seems to my own mind to be the best of occasions.
But now your wish was inclined to ask me about my mournful
sufferings, so that I must mourn and grieve even more.
The listener (for Homer is himself “like the gods in his singing” and is singing the Odyssey “when festivity holds sway among the populace, and the feasters up and down the houses are sitting in order and listening to the singer”), the listener, I say, cannot easily fail to notice that while Odysseus is celebrating the feast with the Phaiakians, his home (to which he is striving to return) is being desecrated by the famous suitors who, says Odysseus’ frustrated son, Telemachus:
come and loiter in our house
and sacrifice our oxen and our sheep and our fat goats
and make a holiday feast of it and drink the bright wine
recklessly. Most of our substance is wasted. We have no man here
such as Odysseus was, to drive this curse from the household.
… Beyond all decency my house has been destroyed.
Consider the difference in tone between the two stories. Then add this description of the singer in book one, in Odysseus’ “lofty dwelling” where…
the haughty suitors came in, and all of them straightway
took their places in order on chairs and along the benches,
and their heralds poured water over their hands for them to wash with,
and the serving maids brought them bread heaped up in baskets,
and the young men filled the mixing bowls with wine for their drinking.
… A herald put the beautifully wrought lyre in the hands
of Phemios, who sang for the suitors, because they made him.
He played his lyre and struck up a fine song.
Then, after a brief conference between Telemachus and Athene:
The famous singer was singing to them, and they in silence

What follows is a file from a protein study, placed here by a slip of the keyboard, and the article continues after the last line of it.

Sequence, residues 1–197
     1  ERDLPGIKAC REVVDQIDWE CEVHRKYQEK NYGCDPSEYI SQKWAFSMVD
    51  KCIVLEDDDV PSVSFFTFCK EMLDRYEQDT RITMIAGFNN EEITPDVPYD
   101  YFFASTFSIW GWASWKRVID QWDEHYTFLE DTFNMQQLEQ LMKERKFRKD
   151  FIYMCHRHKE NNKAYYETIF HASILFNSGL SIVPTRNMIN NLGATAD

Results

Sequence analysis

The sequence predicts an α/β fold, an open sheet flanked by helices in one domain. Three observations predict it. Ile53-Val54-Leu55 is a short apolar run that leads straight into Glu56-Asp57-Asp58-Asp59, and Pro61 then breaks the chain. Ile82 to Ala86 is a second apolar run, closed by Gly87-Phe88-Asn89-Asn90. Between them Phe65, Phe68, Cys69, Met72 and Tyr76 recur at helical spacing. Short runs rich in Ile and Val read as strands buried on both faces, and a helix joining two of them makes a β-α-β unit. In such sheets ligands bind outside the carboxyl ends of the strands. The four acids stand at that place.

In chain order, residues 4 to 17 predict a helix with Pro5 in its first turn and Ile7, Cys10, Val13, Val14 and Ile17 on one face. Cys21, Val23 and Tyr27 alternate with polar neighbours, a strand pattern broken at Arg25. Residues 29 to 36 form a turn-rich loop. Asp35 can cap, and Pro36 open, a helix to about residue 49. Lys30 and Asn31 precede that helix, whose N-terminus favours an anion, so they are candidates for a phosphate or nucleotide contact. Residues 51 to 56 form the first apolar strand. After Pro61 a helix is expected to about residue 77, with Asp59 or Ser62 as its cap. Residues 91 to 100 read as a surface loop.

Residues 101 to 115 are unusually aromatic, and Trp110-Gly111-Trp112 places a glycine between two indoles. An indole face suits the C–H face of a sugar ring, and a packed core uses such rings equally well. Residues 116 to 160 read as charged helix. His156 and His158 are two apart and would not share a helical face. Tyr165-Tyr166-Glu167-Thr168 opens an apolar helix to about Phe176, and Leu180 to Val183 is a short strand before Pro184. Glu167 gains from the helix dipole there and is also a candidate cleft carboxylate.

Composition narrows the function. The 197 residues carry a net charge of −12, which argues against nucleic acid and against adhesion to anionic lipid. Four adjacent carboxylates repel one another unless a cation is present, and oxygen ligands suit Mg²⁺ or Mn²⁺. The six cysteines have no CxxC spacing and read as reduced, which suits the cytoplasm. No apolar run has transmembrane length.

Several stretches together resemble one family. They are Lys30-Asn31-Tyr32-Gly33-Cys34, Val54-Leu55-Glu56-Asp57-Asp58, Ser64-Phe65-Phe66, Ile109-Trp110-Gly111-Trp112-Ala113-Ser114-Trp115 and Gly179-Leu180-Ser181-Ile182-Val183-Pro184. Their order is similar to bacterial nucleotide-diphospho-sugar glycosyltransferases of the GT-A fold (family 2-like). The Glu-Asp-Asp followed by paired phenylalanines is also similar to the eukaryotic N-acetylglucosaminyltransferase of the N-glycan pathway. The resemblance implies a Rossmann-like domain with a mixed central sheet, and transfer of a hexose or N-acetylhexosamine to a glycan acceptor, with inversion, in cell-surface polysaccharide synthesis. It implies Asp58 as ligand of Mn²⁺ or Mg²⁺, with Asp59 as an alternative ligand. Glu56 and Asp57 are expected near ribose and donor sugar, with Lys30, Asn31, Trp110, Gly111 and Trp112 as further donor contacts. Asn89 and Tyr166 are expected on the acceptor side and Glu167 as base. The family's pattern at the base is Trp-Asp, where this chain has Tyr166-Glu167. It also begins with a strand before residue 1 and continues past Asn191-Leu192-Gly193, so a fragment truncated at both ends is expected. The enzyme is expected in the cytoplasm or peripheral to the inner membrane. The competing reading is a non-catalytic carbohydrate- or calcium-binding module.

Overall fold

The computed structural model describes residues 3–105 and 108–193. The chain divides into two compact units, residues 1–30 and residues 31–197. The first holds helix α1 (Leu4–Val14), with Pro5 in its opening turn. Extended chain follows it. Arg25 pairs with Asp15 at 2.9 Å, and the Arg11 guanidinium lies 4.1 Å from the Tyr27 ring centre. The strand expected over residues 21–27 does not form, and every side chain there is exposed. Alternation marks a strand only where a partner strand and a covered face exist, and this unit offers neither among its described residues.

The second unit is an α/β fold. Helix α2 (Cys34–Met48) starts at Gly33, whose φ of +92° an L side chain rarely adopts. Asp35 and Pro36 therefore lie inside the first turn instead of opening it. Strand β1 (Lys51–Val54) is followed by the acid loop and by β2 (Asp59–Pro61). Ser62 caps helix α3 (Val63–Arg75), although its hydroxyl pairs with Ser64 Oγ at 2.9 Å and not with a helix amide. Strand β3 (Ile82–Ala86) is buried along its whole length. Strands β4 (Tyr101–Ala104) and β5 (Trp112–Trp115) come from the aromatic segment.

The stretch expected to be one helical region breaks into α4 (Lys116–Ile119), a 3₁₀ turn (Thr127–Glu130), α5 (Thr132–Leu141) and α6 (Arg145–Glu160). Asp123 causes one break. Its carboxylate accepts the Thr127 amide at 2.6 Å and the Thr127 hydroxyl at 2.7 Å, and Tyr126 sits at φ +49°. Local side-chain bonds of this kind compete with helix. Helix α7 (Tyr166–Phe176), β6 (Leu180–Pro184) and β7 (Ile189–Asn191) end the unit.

sat listening. He sang of the Achaians’ bitter homecoming
from Troy, which Pallas Athene had inflicted upon them.
The daughter of Ikarios, circumspect Penelope [Odysseus’ wife],
heard and heeded the magical song from her upper chamber,
and descended the high staircase that was built in her palace,
not all alone, since two handmaidens went to attend her.
When she, shining among women, came near to the suitors,
she stood by the pillar that supported the roof with its joinery,
holding her shining veil in front of her face, to shield it,
and a devoted attendant was stationed on either side of her.
All in tears she spoke to the divine singer,
“Phemios, since you know many other actions of mortals
and gods, which can charm men’s hearts and which the singers celebrate,
sit beside them and sing one of these, and let them sit in silence
go on drinking their wine, but leave off singing this sad
song, which always afflicts the dear heart deep inside me…”
Here in these two simple, elegant descriptions Homer has revealed two very different worlds, one perhaps an ideal civilization (the first Utopia?), one a broken and unruled home. Yet Homer never comments on either. He simply presents them and in that presenting he shows us all that we need to see on the radiant surface of his tapestry.